This was our first major incident since we opened doors for trading in the summer of 2016. We will work hard now to improve various liquidation algorithms such that this could never occur again. This might further delay the launch of new products like Ethereum futures and our upcoming Spot Exchange.

The insurance fund will also be replenished again with 25 BTC.

Crypto Credit Events

Crypto currencies, such as bitcoin and ethereum, are growing rapidly and the opportunities for profit are enormous. But these markets are also highly risky and investors using crypto currencies shoulder this risk. The situation should make risk management a main area of focus for crypto investors.

Risk in the crypto currency markets shows up in a variety of ways including many different forms of financial, tax and other operational risks. Much of the counterparty credit risk found in crypto currency markets comes from undeveloped crypto market infrastructure. We just don’t have the same plumbing in crypto currency financial markets as we do in fiat based financial markets. Fiat economies have developed the rule of law, deposit insurance, and credit ratings, but none of these these exist in crypto currency markets. Crypto currencies also don’t rely on any central authority, so dispute resolution is much more problematic, if not impossible. If your crypto currency wallet gets hacked, for example, you have little (or no) recourse to recover your loss.

Interestingly, the lack of financial market infrastructure also presents profit opportunities. Many financial services businesses operating in developed fiat economies could be replicated by clever entrepreneurs to crypto economies. The opportunities are huge.

Consider the cryptocurrency investor who makes a deposit on Bitfinex or Poloniex, and then lends their crypto currency to traders on the exchange in return for interest. How can this investor estimate the chances the exchange will remain solvent, and how can the investor estimate the chances of their account suffering a loss in the event the exchange gets hacked?  At present, there are very few ways to quantify the risks of such events. The crypto currency investor is left to rely on message boards, online posts, and a poll of their friend’s opinions. These methods are unscientific, and won’t give the investor reliable metrics they can use to make investment decisions. The average crypto currency exchange depositor simply relies on their own “gut feeling” along with some basic rules of thumb about portfolio management to make risk management decisions (don’t put all your eggs in one basket).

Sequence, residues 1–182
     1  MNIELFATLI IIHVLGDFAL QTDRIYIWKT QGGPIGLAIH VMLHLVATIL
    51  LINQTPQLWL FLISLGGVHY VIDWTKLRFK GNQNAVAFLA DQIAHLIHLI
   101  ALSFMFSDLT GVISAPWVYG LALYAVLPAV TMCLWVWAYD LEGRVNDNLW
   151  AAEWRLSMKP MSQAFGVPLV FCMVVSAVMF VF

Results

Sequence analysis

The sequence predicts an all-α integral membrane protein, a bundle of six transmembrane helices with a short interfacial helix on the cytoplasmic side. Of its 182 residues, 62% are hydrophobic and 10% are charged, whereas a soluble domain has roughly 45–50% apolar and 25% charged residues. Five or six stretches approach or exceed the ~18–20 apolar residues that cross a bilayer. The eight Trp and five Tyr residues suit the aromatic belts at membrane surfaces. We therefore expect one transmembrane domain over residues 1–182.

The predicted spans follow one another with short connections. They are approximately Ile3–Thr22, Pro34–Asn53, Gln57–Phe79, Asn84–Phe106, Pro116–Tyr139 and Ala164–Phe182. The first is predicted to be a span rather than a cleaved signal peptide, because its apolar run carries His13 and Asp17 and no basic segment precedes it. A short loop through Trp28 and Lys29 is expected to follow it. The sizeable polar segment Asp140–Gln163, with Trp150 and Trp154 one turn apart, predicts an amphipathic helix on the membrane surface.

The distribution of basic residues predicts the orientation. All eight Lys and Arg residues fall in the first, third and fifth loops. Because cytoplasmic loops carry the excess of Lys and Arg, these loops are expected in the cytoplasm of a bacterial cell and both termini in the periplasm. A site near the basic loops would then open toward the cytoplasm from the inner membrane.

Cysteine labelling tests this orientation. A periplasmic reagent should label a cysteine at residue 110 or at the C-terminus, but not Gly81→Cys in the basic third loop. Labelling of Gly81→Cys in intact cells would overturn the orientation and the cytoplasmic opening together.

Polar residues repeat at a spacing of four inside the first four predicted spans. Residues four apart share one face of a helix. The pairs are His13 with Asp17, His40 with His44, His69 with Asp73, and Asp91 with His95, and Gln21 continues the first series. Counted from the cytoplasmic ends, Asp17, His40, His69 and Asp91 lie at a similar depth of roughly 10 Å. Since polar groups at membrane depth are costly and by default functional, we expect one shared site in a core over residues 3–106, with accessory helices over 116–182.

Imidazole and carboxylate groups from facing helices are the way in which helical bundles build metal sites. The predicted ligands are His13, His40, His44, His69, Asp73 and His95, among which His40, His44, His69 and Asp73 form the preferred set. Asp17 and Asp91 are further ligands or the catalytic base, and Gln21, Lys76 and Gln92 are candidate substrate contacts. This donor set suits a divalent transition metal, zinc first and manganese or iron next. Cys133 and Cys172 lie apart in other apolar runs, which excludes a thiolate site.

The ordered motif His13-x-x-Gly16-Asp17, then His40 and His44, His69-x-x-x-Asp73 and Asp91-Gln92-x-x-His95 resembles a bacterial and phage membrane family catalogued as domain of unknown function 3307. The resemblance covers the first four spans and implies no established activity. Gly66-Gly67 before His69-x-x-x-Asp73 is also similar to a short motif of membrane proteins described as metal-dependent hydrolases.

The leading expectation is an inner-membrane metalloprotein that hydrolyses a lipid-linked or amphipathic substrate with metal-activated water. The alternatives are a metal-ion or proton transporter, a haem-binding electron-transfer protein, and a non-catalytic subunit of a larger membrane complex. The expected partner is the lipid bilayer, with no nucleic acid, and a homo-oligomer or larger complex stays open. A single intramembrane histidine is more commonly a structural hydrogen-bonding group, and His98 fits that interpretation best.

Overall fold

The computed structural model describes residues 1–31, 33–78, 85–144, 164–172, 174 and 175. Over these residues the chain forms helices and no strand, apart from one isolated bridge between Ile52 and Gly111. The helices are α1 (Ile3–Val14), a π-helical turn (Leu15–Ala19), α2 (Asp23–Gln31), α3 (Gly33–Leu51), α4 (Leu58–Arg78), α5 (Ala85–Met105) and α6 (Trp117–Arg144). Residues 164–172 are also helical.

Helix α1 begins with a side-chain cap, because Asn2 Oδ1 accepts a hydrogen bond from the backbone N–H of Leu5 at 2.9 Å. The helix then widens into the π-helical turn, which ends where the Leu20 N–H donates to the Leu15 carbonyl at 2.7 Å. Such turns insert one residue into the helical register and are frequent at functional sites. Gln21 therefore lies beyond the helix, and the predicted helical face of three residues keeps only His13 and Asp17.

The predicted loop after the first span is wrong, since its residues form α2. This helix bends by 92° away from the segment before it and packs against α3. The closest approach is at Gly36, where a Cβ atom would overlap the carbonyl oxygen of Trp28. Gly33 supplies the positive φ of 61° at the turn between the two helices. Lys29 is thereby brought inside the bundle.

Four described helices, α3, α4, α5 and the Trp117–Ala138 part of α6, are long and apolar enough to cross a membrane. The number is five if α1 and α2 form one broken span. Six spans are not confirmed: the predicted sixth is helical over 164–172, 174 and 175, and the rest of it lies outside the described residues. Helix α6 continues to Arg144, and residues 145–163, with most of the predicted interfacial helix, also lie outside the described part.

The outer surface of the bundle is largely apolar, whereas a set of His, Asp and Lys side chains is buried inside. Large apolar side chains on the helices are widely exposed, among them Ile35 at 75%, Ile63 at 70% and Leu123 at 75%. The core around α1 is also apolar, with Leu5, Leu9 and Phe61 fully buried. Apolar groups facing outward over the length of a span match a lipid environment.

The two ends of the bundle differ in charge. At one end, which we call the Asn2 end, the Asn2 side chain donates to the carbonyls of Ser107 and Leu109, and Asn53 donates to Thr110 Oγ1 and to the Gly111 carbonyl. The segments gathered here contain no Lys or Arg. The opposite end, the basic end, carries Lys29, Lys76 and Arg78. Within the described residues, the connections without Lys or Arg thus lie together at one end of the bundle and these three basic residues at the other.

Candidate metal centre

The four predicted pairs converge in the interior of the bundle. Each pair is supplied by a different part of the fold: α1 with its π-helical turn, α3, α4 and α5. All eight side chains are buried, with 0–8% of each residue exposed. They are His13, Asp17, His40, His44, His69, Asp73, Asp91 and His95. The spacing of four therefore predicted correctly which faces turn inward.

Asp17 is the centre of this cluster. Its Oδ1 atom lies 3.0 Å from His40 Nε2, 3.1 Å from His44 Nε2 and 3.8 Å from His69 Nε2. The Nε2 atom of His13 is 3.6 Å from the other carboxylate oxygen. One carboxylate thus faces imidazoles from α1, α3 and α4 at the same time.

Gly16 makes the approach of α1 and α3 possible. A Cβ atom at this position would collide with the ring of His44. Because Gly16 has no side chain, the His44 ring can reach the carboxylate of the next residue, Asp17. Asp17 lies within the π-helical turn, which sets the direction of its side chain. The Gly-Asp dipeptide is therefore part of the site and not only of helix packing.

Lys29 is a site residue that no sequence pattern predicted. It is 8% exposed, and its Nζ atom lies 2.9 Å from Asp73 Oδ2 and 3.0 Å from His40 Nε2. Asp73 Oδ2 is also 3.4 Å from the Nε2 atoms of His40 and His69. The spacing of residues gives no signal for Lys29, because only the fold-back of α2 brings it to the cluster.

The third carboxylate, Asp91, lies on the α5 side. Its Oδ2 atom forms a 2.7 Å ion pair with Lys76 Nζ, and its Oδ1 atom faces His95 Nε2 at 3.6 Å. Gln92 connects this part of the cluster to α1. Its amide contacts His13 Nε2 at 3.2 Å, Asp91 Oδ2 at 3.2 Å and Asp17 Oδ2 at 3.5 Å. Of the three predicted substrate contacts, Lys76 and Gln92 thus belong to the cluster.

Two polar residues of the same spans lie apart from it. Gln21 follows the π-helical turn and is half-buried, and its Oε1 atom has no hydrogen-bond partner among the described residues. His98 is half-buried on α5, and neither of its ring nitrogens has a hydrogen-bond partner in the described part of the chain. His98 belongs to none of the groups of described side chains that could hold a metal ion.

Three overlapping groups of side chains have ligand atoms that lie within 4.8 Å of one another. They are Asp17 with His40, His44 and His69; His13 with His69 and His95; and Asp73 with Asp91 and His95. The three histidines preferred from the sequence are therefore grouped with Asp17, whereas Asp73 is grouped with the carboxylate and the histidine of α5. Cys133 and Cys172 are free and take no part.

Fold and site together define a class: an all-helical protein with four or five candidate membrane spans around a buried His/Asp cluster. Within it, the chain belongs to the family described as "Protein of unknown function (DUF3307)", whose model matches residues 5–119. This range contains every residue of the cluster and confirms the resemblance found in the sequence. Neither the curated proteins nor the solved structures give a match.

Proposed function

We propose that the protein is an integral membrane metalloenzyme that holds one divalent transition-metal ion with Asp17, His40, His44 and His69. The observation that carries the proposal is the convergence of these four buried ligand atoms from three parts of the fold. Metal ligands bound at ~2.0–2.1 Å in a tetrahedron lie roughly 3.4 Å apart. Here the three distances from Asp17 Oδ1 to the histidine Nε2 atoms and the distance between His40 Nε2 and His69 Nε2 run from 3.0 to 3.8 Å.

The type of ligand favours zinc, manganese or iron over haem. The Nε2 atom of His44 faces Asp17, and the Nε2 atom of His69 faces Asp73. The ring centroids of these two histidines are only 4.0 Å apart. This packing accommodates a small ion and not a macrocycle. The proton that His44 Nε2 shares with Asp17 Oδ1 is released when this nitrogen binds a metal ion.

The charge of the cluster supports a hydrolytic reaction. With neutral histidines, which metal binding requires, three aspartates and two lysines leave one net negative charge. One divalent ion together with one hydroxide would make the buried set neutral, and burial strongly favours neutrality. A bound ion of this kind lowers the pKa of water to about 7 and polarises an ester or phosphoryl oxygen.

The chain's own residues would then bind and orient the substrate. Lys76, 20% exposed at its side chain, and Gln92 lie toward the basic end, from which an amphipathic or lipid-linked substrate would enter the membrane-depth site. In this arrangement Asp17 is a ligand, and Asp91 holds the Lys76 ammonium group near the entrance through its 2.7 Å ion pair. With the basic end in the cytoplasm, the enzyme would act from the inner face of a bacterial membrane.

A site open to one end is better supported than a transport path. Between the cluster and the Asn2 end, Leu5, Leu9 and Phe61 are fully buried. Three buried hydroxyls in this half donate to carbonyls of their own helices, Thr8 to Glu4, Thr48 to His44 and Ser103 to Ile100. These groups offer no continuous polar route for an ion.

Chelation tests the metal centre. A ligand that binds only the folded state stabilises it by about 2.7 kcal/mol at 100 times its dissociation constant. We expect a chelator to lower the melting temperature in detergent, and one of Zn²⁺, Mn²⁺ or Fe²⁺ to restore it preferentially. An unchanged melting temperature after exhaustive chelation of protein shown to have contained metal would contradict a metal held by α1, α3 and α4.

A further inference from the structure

As far as I know, there doesn’t currently exist any method of obtaining deposit insurance for a crypto exchange or hosted wallet balance. In developed fiat economies, deposit insurance makes it cheap for consumers to assess the credit risk of counterparties, but the cryptocurrency world doesn’t currently have this same infrastructure. I believe that creating a rating agency for crypto currency credits is required for crypto currency finance to reach a more sustainable path.

One of my main goals as an investor is to better assess the creditworthiness of my cryptocurrency counterparties, and then use this information to make better investment decisions. As an investor, the degree of credit risk matters to me. Mostly all crypto currency investments have counterparty risk, but few ways exist to assess this risk. In fiat currency economies, we can rely on rating agencies, deposit insurance, and many different forms of information to make credit decisions. But this this same market infrastructure does not currently exist for most crypto currency finance.

To enlighten the market, the first step should be to define a credit event. When is a counterparty in default?  Below, I outline five categories of credit events: Bankruptcy, Acceleration, Default, Failure to Pay, and Restructuring.

Bankruptcy

Bankruptcy occurs when a relevant regulator declares the organization to be bankrupt.

Acceleration

Acceleration covers the situation, other than a Failure to Pay, where the relevant obligation becomes due and payable as a result of a default by a reference entity before the time when such obligation would otherwise have been due and payable.

Default

Default covers the situation, other than a Failure to Pay, where the relevant obligation becomes capable of being declared due and payable as a result of a default by the reference entity before the time when such obligation would otherwise have been capable of being so declared.

Failure to Pay

Failure to Pay is defined to be a failure of the reference entity to make, when and where due, any payments under one or more obligations. Grace periods for payment are taken into account.

Restructuring

Restructuring covers events as a result of which the terms, as agreed to by the reference entity and the holders of the relevant obligation, have become less favourable to the holders than they would otherwise have been.